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  • #4 Royal Descents, Notable Kin, and Printed Sources: After Tracing Your Known Ancestry

    Gary Boyd Roberts

    Published Date : April 11, 1986
    Summer is the education season in American genealogy--the two national conferences (sponsored by the National Genealogical Society and the Federation of Genealogical Societies), our "Come Home to New England" week and weekend seminar in New England, plus family reunions and vacations, when many of our members visit the Society. As always, I look forward to working with a sizable number of people--looking at their charts and adding whatever printed or manuscript sources here can readily yield. For more than a handful of visitors, however, I have examined their charts before and we have about exhausted what I can do for them. Our best researchers are the world’s authorities on their hardest problems and all of their ancestry knowable from printed sources, including some medieval English material, is already in their charts. These members, including some of my best genealogical friends, have done about everything I know to do. I should like to spend the rest of this column suggesting what to try after you have "finished" your own ancestry.

    Some people prefer to persevere on the same problems, and often they undertake "field work" (i.e. visit local court houses or cemeteries, find unexpected Bible records, or otherwise solve a major "pioneer" problem through primary records) and then visit NEHGS to trace all new lines introduced by their recent discovery. A first suggestion for research beyond one’s own ancestry is to trace that of a spouse or son- or daughter-in-law or brother- or sister-in-law or very good friend. A second suggestion is to compile a referenced, but not necessarily hardcover, genealogy of all your ancestry and give it to members of your family. Some genealogists will want to prepare a major scholarly book or multi-volume series (among our trustees Dean Smith has published three such volumes, aided by Melinde L. Sanborn). Other genealogists will pick a favorite immigrant ancestor (or Revolutionary-era forebear), and begin collecting material for a book on all of his agnate (male-line) descendants. This kind of study, too, often leads to book publication--recent volumes by the Society include such works on the George Cabot of Vt., Burgess of Sandwich, and Nash of Weymouth descendants (this last by the Newbury Street Press). Volumes that cover all of the ancestry and descendants of an eighteenth-century ancestor include Spooner Saga (also by the Newbury Street Press) and to some extent the 1996 Thomas Brewer genealogy.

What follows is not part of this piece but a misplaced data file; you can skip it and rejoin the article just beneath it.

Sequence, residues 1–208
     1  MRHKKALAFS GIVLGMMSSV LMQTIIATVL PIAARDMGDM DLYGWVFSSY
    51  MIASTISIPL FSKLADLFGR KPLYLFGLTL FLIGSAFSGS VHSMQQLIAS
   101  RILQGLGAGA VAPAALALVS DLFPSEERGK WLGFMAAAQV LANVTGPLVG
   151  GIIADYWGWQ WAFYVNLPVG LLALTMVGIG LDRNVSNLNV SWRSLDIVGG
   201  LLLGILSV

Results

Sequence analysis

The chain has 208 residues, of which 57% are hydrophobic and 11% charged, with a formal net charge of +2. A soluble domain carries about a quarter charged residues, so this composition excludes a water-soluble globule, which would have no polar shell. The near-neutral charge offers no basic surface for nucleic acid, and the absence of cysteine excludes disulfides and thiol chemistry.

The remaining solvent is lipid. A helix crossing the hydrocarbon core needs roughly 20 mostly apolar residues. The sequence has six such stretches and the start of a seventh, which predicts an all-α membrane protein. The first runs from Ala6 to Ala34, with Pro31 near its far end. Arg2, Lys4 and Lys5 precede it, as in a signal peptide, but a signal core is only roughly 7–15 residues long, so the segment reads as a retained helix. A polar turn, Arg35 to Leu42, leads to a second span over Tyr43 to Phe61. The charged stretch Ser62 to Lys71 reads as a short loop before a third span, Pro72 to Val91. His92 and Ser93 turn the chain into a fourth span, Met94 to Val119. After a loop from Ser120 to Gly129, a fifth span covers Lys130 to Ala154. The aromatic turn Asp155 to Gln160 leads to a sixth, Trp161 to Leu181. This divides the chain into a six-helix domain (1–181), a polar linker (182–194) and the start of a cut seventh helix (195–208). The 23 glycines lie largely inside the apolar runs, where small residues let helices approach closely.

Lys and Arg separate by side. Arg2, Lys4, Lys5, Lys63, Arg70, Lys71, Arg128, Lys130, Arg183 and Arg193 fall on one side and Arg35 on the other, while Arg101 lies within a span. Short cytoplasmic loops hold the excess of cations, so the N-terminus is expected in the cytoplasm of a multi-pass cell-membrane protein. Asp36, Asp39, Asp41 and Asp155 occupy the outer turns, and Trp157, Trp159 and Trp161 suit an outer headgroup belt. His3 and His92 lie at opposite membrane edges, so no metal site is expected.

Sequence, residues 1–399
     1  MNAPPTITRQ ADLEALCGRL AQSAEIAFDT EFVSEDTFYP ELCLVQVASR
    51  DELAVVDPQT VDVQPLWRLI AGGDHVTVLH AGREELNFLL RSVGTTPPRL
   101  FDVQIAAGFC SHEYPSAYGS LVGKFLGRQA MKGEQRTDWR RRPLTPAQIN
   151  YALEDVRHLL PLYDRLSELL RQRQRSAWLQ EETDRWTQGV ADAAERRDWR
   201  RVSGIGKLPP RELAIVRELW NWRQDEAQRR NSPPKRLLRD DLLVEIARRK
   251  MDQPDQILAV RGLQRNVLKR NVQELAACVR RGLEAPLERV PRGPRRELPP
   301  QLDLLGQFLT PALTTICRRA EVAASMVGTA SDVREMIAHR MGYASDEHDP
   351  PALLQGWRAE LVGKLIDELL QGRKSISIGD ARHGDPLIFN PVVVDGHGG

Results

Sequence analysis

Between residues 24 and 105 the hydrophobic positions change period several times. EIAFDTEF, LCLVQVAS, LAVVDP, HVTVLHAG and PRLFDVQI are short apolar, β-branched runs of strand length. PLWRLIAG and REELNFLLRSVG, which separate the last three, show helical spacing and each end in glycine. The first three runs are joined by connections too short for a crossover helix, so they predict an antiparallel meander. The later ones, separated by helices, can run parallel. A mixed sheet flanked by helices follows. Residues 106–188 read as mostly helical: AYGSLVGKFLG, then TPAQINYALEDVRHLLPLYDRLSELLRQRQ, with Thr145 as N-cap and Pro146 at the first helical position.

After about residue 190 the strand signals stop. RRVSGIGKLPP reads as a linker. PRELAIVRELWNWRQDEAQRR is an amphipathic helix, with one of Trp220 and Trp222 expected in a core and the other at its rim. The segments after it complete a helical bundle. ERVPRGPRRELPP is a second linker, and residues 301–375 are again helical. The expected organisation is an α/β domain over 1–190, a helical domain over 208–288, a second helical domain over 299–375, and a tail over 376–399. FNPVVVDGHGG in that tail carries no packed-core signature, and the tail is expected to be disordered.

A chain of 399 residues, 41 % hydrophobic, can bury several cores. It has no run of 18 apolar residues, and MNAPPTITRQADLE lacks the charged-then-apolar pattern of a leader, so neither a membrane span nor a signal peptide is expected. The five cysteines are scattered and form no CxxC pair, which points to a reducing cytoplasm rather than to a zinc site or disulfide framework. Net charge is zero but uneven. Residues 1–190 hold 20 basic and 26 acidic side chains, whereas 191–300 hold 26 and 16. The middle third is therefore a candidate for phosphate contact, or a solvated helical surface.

Other genealogists--with a large number of ancestors from one town--may consider a "town genealogy," with coverage of all early families or residents before a certain date. All of these formats can take years to prepare, but a large percentage of the books in our library have been compiled by family descendants. I do something else; I trace the ancestry of notable figures in U.S., British, and European history (in addition to tracing royal descents or connections to the late Princess of Wales, plus Mayflower or presidential kinships, I must also confess to looking for my own ancestors among forebears of these notables). Fortunately, my "Notable Kin" column has had to date four very fine guest columnists--David Curtis Dearborn, my longtime colleague in the NEHGS library, who compiled ancestor tables for President Clinton (with help from other researchers also) and Justice David Souter; Richard E. Brenneman, who studied the ancestry of Marilyn Monroe, James Dean, and novelist Stephen King (this last unpublished); John Anderson Brayton, who wrote on Tennessee Williams (later expanded into a book), Elvis Presley, Jimmy Carter, and Jesse Helms, plus "Hollywood Gothic and the Alabama Three" (these last Harper Lee, Tallulah Bankhead, and Truman Capote); and current NEXUS editor Scott Steward, on Vanderbilts and Sir Winston Churchill. Another friend has long been working on the ancestry of Pierre Trudeau and Richard Andrew Pierce has contributed five articles to NEXUS on Irish families behind JFK.

    What do all these examples mean to you? In sum, after researching your own ancestry or even when you tire of it and want something new genealogically to work on, try tracing the ancestry of in-laws, compiling an informal or scholarly multi-ancestor work, collecting data on cousins who all share the same surname, looking at all the other families in your favorite ancestral town, or tracing the ancestry of your local or state heroes--those people from your area who have gained world renown, and may well be your cousins. Any of these extensions of your own ancestral charts should keep you busy for years, please other members of your own family, and if you don’t finish a major project you’ll have the beginnings of a manuscript collection to pass on to your heirs or perhaps give to us.
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